3207 Point Place SW - $2,398,000 An Architectural Achievement! Completed 2017. Select stretch views capture mountain, Sound & City with easy beach access. This beyond belief home struts extensive use of custom African mahogany built-in cabinets, hydronic heat, beachside patio w/mood lighting, chic heated garage/ flex space & mega storage. 2 Master Suites & open concept living, dining & chef ’s kitchen on the sea side. Totally lock & leave or embrace & enjoy every day! 6103 Sq. ft. lot (KCR - includes tidelands).

Randie Stone • Cell 206-852-8327 • rstone@windermere.com www.alkibeachrealestate.com 206-935-7200 x212 Windermere Real Estate Wall Street Inc., West Seattle

MLS # 1243612

PERFEC T LINES Photo: Rainer Waldkirch / Bildagentur Hamburg • Words: Norris Comer

Queen of the Mayans The Mayan Queen IV is a luxury superyacht that is often seen around Puget Sound this time of year where she even navigates through the Ballard Locks on occasion. The 305' superyacht is owned by Mexican billionaire Alberto Baillères from Mexico City who has mining, retail, and insurance interests. The jaw-dropping yacht was launched in 2008 in Germany by the firm Blohm & Voss. Her estimated worth was somewhere between $140 and $150 million when built. The Mayan Queen IV is a regular to these waters where she takes advantage of our world-class summer cruising grounds. Keep an eye out for this beauty, she's in the area!




©Bildagentur Hamburg / Alamy Stock Photo

Refined Adventure Performance & Size:


Dimensions: 42’ 2’ / Beam: 13’ 6’ Displacement (Full): 20,800 lbs. Cruising Speed: 30 knots Economy at Cruise: 1.35mpg/22gph Propulsion: Volvo IPS 500/600

Fuel/Fresh/Holding Cap. 675/135/45 gal. Range at Cruise: 845 miles Comfort: 2-3 Berths (Queen) 5-7 Sleeping Capacity Head & Enclosed Shower Cockpit Freezer


Kevin’s Catch By Kevin Klein

We are Fishing! Brothers and sisters, we’re ready to fish! June is a great time to kick off the festivities. It’s been a long winter, so time to get that boat ready and get some seafood groceries. As always, please research the state and provincial regulations before you hit the water. You don’t want to get slapped with a ticket to start the summer. I did that when I was 14 years old, riding my dirt bike to work in the Eastern Washington hay fields one sunny June morning many moons ago. The sheriff got a good laugh about me bucking bales for the next few days to pay the ticket. He could have written me up for a lot more than he did, however. The good old days. But here and now, we may have some halibut opportunities in Washington, but this is usually the month when folks head north for extended trips in British Columbia and Alaska. Halibut, lingcod, rockfish, and salmon are the big draws. Consider running your own boat up or booking with a lodge. A week reeling in fish amid some of the most beautiful scenery on the planet is not a bad way to kick off the warm season.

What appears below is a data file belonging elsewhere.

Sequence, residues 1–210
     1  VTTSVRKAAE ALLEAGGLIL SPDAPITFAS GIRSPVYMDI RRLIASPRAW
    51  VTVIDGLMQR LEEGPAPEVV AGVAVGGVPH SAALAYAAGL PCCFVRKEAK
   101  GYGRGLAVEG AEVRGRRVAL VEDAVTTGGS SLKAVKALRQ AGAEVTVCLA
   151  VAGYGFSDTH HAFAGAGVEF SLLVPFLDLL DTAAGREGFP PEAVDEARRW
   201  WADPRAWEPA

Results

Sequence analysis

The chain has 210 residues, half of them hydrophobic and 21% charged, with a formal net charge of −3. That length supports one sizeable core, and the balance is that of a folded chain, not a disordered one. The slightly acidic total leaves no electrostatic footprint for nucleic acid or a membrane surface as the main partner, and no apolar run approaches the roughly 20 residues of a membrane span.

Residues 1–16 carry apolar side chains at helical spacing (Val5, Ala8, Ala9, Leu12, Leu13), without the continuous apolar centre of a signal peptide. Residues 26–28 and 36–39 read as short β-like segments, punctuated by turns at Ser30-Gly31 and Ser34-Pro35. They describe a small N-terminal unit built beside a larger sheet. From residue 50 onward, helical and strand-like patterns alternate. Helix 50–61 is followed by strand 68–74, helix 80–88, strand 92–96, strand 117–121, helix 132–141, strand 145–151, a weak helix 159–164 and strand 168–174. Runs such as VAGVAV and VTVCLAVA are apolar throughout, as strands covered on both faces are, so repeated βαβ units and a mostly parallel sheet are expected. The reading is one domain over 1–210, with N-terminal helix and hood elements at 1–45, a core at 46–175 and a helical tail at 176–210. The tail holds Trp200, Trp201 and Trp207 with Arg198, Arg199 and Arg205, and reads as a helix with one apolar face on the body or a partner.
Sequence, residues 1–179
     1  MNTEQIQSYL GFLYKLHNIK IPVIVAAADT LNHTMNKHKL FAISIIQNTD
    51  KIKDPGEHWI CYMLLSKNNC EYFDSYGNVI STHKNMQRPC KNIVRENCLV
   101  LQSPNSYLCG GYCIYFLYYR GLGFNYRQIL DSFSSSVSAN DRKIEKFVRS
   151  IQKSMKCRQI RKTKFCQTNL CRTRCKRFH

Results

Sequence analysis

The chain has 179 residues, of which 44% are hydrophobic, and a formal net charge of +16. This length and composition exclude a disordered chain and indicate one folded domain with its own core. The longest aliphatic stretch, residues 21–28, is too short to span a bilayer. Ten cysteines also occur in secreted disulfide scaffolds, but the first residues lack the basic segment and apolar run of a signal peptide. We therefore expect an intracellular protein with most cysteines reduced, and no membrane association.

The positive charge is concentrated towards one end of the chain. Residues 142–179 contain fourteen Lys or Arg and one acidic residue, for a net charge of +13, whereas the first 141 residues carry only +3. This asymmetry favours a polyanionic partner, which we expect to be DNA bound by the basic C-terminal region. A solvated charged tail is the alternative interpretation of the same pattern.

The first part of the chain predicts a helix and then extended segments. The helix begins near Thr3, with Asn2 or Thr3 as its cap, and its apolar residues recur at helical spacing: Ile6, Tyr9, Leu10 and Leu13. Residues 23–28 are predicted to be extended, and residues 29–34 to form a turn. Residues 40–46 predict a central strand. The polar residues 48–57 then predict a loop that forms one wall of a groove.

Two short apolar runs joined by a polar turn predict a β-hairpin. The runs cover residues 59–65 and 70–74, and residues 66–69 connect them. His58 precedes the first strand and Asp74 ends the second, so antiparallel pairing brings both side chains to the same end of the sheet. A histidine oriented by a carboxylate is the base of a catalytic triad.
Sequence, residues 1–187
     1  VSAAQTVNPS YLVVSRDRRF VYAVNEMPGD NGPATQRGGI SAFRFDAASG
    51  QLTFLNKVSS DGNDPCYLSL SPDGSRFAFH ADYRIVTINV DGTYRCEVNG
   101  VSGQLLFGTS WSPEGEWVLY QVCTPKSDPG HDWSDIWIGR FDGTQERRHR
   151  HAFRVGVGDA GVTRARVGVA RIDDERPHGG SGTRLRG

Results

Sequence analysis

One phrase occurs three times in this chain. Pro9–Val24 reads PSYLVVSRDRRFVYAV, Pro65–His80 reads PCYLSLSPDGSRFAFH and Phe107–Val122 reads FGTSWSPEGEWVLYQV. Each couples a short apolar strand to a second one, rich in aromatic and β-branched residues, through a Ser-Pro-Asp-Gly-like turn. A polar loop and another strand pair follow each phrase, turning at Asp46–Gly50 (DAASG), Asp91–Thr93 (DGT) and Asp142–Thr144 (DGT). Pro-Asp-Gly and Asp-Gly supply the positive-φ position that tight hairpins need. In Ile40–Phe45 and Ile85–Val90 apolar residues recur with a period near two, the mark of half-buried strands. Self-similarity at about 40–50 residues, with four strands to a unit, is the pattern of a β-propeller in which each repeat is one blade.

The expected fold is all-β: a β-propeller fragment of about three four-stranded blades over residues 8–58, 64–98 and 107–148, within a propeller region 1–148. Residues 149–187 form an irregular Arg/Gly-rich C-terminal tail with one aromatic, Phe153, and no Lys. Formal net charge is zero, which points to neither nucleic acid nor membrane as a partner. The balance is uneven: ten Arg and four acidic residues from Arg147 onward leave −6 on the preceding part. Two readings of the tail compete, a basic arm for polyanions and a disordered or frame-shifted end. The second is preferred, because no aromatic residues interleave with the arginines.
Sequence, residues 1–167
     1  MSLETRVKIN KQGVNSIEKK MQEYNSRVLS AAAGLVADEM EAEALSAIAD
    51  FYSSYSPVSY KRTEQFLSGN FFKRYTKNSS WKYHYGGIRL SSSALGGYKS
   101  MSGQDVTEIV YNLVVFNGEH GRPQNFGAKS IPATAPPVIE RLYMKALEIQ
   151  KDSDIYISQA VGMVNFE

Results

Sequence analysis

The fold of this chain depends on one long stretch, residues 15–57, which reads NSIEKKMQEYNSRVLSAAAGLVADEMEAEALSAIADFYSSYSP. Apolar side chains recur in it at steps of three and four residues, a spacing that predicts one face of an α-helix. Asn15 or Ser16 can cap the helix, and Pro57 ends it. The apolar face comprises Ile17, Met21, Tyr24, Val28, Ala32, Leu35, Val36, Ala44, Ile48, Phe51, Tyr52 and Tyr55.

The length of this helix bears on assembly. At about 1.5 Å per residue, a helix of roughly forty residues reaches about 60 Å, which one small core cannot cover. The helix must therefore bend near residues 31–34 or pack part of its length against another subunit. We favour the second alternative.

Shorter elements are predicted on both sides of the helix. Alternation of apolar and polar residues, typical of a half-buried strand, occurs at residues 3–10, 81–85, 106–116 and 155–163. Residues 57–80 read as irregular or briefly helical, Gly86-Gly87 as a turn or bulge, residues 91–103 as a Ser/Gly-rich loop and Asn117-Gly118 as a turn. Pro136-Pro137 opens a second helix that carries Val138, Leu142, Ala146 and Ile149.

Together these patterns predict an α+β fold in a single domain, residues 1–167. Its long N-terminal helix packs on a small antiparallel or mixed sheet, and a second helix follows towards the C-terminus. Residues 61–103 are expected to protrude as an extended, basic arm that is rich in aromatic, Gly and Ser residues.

Bailey Harris with a nice, early summer Chinook in Puget Sound. These fish are up there with springers as some of the tastiest salmon around! Mind your daily limits, keep your license handy, and always check the ever-changing regulations.

Washington will have some salmon fishing open the later part of June. Rockfish can also be had in some coastal areas and it’s really a good time to go after the lingcod in the Northwest. In the interior salt waters, fishing may be regulated to depths shallower than 120’ of water. Bouncing lead head jigs with curly tailed plastics can be lights out. Find a drop off with some kelp and jig your offering from 30’ to 120’ downhill. Make sure to drift from shallow to deeper water or you will hang up. Cod will also take bait in this manner. In places like the San Juans, there is a size limit of 26” to 36”. This lets the big breeder female fish grow and keep producing babies. Out on the coast there aren’t the same restrictions. Cod fishing is often done in very deep water with heavy pipe jigs. It’s a run out to the grounds, but it can be well worth it. It’s an interesting difference in habitat between the inshore ling and their rocky haunts and the offshore bank and flats dwellers. There’s always the possibility that albacore tuna will show up in June. It’s been a bit slower the last couple years for June tuna but that can change anytime. The bite can turn on as the fish show up further south. If your own boat isn’t set up for tuna, consider booking a trip with a charter boat. Going with an experienced tuna captain is a great way to learn the ropes and get some longfins. Larger boats with overnight capacity are available, or try one of the smaller, faster six-pack day boats. The tuna are a real blast to fight and great eating. Canned albacore you caught yourself, flavored to taste, and put up on your own is the best around. Fresh tuna sashimi with soy and wasabi isn’t bad either. When it comes to finding tuna, it’s useful to keep in mind the sea surface temperature. Tuna are considered warm-blooded because they regulate their body temperature thanks to a process known as counter-current blood exchange. They hang out in warm waters where they spend less energy maintaining their internal furnaces, but feed in the productive cold waters. If you can find that temperature edge between hot and cold, you’re probably going to land right on top of ‘em. Science! Last, but not least, prawns rock on, especially in the San Juans! Marine Area 7 West has been open a longer Continued on Page 94 A lifelong resident of Washington State, Kevin Klein has been on the rivers, lakes, and salt waters of the Pacific Northwest since conception. A founder, president, participant, and occasional winner of regional salmon derbies, Kevin can be found promoting sport fishing, and giving seminars on tips and techniques to become a better fisher person. Any given day, you may find Kevin plying the waters of the Northwest, looking for fun and fish.